Obama: ‘No doubt’ we need more taxes
US President Obama on Sunday insisted that the nation needs additional tax revenue, some of which the government could acquire by closing or reducing loopholes and deductions.
“There is no doubt we need additional revenue, coupled with smart spending reductions in order to bring down our deficit,” the president said in an interview aired on CBS. “And we can do it in a gradual way so that it doesn’t have a huge impact.”
Obama suggested raising revenue through an overhaul of the tax code, which would include closing or tightening unspecified “loopholes” and deductions.
“If you combine those things together, then we can not only reduce our deficit but we can continue to invest in things like education and research and development that are going to help us grow – without raising rates again,” Obama said.
The president’s statement comes one month after signing into law the ‘fiscal cliff’ deal, which increases taxes on individuals making more than $400,000 a year and couples making more than $450,000. A new 3.8 percent tax will also be imposed on investment incomes for individuals making more than $200,000 a year and couples making more than $250,000, thereby bringing in more federal revenue than usual.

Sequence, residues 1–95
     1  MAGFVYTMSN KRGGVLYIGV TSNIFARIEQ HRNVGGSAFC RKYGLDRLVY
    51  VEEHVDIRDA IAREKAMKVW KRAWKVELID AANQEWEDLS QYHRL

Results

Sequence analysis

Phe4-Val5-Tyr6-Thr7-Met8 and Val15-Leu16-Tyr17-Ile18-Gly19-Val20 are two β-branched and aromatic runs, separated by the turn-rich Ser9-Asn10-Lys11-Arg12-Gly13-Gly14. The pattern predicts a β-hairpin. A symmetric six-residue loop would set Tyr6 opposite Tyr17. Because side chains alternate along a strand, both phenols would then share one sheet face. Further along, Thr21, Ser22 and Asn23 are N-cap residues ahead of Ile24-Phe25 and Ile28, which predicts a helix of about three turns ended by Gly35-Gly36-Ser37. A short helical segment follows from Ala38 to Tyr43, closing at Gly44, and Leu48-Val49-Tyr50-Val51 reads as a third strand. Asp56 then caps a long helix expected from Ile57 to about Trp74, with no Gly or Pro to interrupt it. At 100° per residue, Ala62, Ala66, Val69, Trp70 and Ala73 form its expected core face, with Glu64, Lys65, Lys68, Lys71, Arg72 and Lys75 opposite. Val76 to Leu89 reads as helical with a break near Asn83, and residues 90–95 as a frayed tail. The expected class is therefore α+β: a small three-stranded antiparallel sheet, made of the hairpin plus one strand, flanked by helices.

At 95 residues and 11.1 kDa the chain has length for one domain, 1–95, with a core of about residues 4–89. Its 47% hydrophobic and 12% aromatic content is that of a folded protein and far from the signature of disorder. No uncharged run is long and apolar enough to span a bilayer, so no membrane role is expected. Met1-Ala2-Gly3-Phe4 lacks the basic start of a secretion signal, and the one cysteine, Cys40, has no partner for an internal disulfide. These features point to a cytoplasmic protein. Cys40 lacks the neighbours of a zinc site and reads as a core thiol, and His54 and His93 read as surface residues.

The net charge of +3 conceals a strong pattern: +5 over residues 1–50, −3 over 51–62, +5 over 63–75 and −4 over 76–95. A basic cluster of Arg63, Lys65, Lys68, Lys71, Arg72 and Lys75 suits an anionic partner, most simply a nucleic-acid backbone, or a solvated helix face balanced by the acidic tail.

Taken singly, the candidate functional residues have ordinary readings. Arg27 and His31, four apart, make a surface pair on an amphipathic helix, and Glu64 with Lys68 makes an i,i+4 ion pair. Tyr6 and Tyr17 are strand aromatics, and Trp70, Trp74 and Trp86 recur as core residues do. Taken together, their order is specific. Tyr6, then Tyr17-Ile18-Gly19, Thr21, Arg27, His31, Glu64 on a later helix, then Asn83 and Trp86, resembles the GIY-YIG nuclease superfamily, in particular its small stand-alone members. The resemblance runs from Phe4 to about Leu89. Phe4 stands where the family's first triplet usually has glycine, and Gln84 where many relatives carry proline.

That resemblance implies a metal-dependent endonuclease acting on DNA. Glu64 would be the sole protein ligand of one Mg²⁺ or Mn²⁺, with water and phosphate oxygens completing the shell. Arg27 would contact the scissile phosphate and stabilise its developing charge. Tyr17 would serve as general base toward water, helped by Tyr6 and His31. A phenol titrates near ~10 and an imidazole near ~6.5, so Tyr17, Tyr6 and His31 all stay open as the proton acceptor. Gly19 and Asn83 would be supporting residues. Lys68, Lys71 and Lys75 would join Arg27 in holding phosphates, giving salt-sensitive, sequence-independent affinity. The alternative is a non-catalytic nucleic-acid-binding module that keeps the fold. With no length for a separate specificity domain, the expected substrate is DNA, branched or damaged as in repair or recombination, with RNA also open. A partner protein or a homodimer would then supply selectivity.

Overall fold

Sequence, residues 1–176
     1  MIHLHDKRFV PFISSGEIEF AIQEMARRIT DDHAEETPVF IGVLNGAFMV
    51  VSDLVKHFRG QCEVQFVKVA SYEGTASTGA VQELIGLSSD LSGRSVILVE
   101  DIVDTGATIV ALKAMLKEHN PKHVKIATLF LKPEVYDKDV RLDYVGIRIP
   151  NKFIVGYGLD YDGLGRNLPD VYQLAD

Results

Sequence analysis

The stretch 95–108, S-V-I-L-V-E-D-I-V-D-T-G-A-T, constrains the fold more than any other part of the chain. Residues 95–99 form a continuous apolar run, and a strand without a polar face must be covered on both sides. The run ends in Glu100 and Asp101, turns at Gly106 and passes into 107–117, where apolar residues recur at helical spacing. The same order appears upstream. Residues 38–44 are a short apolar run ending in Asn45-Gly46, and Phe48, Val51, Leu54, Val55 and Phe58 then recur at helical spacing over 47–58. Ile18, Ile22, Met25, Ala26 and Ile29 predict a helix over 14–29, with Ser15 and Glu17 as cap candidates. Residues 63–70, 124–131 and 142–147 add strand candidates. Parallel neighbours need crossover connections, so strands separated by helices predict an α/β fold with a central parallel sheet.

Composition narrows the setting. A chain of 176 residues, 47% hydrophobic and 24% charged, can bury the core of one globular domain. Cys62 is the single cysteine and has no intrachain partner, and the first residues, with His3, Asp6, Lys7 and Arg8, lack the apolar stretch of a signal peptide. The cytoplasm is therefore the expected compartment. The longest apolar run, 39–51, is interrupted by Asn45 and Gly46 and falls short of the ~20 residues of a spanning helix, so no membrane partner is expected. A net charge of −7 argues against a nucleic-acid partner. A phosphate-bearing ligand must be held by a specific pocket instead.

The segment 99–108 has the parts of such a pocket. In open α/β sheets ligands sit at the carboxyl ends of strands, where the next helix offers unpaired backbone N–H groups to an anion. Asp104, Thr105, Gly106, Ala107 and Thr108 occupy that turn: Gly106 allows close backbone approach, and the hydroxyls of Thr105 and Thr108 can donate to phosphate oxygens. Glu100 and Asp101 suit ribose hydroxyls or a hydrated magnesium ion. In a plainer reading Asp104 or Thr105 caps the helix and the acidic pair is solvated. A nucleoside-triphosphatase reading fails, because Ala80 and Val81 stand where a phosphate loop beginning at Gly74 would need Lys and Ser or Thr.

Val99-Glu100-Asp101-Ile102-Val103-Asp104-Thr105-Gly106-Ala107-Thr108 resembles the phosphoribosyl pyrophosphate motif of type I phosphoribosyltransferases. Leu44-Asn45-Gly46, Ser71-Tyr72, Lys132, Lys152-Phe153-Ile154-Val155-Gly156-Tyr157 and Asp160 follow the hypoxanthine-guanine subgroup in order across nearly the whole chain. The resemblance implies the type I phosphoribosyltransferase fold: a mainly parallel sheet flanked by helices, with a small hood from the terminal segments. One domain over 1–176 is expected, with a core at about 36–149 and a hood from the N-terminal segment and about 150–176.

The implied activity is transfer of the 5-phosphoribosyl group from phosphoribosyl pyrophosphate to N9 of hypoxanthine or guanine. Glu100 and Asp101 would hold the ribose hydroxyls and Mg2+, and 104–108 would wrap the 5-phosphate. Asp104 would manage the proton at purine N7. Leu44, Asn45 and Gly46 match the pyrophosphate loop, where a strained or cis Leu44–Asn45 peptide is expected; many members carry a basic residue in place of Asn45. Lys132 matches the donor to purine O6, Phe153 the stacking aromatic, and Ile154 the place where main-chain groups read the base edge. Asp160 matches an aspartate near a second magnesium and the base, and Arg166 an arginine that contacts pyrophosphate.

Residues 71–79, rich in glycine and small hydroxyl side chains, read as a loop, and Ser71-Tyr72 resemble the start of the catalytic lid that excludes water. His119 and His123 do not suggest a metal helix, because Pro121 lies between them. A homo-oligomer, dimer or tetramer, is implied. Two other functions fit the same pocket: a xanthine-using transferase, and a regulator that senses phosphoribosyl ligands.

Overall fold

About 77 percent of American households will also pay higher federal taxes in 2013 due to an increase in federal payroll taxes that affect most taxpayers, but only the “one percent” wealthiest Americans will see a change in their tax code this April.
But while only the wealthiest Americans will be affected by tax hikes for the latest fiscal year, cutting deductions could affect anyone that is eligible for them. But the president only specified his desire to cut breaks on carried interests, which usually only the wealthiest Americans are eligible for. Obama said he would seek out deductions that are not available to all Americans, thereby singling out “carried” interest – the tax rate paid primarily by private equity managers, venture capital and real estate partnerships. Democrats have long demanded that carried interest be taxes as ordinary income, while Republicans have opposed the idea.
Many Americans are hesitant about paying additional taxes, but the president promised that his proposal would provide adequate revenue that would prevent another need for raising them.
“Can we close some loopholes and deductions that folks who are well connected and have a lot of accountants and lawyers can take advantage of so that they end up paying lower rates than a bus driver or a cop?” Obama said. “If you combine those things together a budget deal could reduce the deficit without raising rates again.”
While Obama did admit to the need to cut spending, he said tax revenues are equally important and that Congress should work together to create “a balanced approach” that would prescribe economic growth.
“Washington cannot continually operate under a cloud of crisis,” he said. “That freezes up consumers, it gets businesses worried. We can’t afford these self-inflicted wounds.”
But at a time when the unemployment rate has risen to 7.9 percent and the US economy last quarter contracted by 0.1 percent – the largest since the recession – few Americans like to hear about the government’s need for more tax revenue.